It is too easy to become depressed when reading current market news dominated by the legalities of Goldman Sachs operation and the convulsions in the euro-zone caused by the Trojan Horse that is the Greek economy, but when one looks beyond that there are some western economies that are showing that all is not lost for the next few years in the West.
Canada in particular is showing strong growth and extremely positive consumer sentiment. A good result for inflation in March, falling back from 1.6% to 1.4% has shown that the Canadian economy is staying one of the strongest in the G20. This is holding up investment confidence well above the levels seen across most of the western G20 nations. Business confidence is at the highest it has been since 2007; with 61% of executive chartered accountants responding that they were optimistic about the economy over the next twelve months according to the CICA/RBC (Canadian Institute of Chartered Accountants / Royal Bank of Canada) quarterly business monitor. This is way above the levels of similar surveys carried out in the major EU countries.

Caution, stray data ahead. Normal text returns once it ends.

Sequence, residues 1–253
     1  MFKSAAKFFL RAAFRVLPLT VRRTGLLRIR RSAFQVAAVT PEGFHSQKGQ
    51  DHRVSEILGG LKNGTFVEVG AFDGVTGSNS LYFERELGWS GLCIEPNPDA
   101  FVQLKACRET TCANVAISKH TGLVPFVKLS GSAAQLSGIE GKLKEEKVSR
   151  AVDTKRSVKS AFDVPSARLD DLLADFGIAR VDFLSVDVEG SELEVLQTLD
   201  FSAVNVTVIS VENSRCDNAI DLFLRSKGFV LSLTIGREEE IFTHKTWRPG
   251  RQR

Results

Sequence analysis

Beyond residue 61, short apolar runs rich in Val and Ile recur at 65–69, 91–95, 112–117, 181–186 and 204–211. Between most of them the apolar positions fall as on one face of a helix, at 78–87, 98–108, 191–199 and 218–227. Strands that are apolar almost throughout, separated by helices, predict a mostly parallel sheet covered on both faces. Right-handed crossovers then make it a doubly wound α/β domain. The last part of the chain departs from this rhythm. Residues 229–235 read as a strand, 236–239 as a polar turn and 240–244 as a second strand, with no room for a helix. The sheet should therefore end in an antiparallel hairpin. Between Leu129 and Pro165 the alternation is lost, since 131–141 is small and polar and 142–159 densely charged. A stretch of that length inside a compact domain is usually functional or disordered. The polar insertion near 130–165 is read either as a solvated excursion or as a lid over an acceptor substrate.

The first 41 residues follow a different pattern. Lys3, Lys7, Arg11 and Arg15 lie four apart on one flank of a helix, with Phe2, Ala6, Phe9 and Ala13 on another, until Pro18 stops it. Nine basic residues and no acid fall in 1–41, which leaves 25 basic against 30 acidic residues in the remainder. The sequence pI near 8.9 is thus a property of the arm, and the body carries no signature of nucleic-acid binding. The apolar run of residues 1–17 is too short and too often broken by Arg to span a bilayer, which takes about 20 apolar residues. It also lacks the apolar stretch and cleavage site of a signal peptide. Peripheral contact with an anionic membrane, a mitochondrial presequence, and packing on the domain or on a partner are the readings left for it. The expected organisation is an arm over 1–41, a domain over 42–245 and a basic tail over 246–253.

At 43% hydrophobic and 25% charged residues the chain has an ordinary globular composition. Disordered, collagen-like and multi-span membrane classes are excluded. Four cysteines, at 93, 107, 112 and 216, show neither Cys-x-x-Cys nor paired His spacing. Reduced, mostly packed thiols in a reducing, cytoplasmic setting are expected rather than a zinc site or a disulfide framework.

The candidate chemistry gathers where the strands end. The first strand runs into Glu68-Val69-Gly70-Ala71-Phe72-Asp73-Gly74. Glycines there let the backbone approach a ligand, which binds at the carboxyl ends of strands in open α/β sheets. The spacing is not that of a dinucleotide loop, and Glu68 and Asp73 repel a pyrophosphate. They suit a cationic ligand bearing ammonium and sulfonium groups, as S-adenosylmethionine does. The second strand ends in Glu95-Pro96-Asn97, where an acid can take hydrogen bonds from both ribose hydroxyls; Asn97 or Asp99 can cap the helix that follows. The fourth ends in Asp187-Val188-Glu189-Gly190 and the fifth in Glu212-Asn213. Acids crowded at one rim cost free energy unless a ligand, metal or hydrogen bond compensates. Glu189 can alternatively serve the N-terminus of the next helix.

On the back of this positive sentiment, the insurance market remains confident. Europeans can only look with envy at the Canadian life and pension providers planning to increase their sales compared to ‘Old Europe’s’ problems in maintaining profitability during a severe downturn.
However, even a rising market can bring problems and one of the most significant for players in the Canadian Life and Pension markets remains the perennial question; how can you get new products into the marketplace quickly?
The answer lies in the correct alignment of people, processes and supporting technology. Without all of these factors optimised, the release of new products will be a slow cumbersome prospect.
People must be motivated to have a ‘make it happen’ attitude; seeing opportunities in the market and overcoming problems as fast as they arise. Processes need to be reviewed to make them streamlined and efficient; does there really need to be that many sign-offs and reviews for every proposal that emanates from marketing? Is there a budget for small trial runs of new product versions to test the appetite of the market?
These are the main issues for the Canadian Life and Pension providers at the moment. As they wrestle with them, they can comfort themselves with the thought that the rest of the world wishes they were in Canada’s place.
Head of Product